Thursday, April 15, 2010

Gender Disparity in Drug Trials


For my previous post on One Size Fits None, I did some digging (with the help of the
Medical Anthroplogy community and a librarian at OHSU). I found a number of really interesting sources discussing the gender disparity in drug trials, and thought I'd list them here.

Since I do not have deep research in this area, I will decline in-depth comment. The upshot is, that although the NIH guidelines require "inclusion of women and minorities" - it is clear we have a long way to go.


Organizations


Books

Women and health research : ethical and legal issues of including women in clinical studies / Anna C. Mastroianni, Ruth Faden, and Daniel Federman, editors ; Committee on the Ethical and Legal Issues Relating to the Inclusion of Women in Clinical Studies, Division of Health Sciences Policy, Institute of Medicine.
Imprint Washington, D.C. : National Academy Press, c1994.

Women's Health - Missing from U.S. Medicine by Sue Rosser. (this can be read online)


Journal Articles
Brettelll, C. and Sargeant, C. (1996) 'Gender and Health an International Perspective'.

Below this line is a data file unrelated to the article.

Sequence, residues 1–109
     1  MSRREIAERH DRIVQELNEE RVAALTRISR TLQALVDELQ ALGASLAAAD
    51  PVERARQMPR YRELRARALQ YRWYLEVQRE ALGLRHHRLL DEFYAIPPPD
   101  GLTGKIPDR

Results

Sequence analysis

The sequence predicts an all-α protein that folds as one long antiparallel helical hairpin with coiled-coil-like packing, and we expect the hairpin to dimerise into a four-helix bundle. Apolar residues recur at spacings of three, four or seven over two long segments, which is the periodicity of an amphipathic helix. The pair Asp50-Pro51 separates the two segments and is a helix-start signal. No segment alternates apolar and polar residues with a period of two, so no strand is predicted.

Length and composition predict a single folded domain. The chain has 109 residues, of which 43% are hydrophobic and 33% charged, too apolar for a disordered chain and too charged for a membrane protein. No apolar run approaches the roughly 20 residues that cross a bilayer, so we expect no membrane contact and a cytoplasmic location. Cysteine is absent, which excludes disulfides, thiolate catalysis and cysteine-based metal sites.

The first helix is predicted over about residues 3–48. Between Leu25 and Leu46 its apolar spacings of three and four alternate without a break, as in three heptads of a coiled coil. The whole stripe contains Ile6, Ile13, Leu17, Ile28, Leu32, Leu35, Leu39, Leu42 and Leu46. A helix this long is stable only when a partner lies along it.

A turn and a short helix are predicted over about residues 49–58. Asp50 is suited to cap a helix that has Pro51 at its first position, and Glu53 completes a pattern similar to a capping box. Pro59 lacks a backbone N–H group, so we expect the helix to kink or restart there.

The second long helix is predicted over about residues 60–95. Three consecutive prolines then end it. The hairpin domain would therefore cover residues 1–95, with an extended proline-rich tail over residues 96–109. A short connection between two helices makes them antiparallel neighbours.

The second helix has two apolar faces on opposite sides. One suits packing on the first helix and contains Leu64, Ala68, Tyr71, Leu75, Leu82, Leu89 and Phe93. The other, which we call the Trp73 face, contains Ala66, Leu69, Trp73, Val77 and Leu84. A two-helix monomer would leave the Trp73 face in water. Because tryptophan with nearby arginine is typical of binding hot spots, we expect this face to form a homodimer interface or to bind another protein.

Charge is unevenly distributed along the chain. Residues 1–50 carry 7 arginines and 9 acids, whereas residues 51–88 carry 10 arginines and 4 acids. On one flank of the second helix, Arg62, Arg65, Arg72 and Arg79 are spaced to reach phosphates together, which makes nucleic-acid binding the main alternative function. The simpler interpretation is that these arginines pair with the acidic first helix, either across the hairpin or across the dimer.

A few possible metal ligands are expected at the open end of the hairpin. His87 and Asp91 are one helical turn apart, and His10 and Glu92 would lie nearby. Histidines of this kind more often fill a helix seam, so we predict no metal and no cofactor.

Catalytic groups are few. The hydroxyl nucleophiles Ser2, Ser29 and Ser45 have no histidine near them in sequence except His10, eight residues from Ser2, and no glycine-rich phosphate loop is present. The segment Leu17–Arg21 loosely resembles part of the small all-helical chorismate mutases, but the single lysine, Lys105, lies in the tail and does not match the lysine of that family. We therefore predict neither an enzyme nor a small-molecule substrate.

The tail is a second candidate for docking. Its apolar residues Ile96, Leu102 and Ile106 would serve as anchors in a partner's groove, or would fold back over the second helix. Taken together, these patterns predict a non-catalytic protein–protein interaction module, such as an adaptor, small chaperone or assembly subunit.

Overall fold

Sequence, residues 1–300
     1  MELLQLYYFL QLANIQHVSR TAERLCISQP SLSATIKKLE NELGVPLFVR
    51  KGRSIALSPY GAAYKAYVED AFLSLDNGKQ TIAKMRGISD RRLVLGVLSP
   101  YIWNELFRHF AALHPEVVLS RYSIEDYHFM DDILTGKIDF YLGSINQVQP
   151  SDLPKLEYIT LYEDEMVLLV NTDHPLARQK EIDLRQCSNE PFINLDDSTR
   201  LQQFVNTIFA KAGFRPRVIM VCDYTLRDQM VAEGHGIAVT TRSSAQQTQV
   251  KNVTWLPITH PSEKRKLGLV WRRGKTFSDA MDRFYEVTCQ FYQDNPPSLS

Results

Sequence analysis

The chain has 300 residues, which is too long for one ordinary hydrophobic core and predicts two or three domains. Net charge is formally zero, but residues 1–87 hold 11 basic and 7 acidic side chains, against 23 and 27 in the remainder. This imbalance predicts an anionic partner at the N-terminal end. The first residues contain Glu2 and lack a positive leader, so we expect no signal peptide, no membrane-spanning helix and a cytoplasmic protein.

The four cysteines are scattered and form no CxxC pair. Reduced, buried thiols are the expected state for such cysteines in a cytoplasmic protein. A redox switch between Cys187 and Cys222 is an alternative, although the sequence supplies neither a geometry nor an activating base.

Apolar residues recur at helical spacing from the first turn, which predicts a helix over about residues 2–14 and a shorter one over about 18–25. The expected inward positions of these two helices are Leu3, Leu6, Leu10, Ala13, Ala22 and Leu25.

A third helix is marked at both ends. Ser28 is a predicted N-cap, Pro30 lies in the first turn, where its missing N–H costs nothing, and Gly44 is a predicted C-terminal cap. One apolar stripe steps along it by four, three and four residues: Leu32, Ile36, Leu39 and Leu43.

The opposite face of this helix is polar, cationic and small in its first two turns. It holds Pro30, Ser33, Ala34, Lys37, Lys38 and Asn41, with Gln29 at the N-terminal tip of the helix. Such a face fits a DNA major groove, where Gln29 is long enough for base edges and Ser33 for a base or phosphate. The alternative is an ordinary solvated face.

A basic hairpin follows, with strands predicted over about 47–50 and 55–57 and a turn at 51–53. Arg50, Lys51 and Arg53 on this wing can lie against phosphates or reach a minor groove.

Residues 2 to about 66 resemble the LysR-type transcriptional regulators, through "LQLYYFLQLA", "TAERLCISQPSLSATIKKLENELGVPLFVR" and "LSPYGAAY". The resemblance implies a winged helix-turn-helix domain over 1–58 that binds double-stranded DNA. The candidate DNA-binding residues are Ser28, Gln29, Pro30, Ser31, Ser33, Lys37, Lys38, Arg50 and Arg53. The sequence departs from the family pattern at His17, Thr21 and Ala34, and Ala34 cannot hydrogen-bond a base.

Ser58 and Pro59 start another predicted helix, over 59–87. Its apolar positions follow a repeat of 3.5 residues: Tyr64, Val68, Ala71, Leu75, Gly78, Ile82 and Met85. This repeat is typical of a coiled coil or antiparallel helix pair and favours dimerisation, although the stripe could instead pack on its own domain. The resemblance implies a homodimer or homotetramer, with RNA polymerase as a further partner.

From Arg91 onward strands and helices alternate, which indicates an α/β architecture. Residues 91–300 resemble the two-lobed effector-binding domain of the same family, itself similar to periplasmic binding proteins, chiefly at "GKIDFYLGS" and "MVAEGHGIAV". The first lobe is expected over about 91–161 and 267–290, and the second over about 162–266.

Corrigan, O.P. (2002). ‘First in man’: The politics and ethics of women in clinical drug trials. Feminist Review, 72, 40–72. Info here and here. (Pay to access)

"concern about danger to the unborn foetus has meant that, until very recently, ‘women of childbearing potential’ were routinely excluded from most of the early phases of clinical drug testing...exclusion of women during the early phases of clinical drug trials has now been lifted and drugs are currently being more widely tested on women. This paper examines the differing political and ethical positions..."

Online Sources
"Do Women Need Such Big Flu Shots" by Sabra Klein and Phyllis Greenberger - NY Times Opinion Page

"In planning for the swine flu, however, public health authorities ignored the evidence that vaccines affect women more strongly than men"

There are laws (Public Law PL 103-43) mandating the inclusion of women and ethnic minorities in NIH research.

Hayden, E. (2010) 'Sex bias blights drug studies' . Nature. 464, 332-333.

"The typical patient with chronic pain is a 55-year-old woman — the typical chronic-pain study subject is an 8-week-old male mouse.

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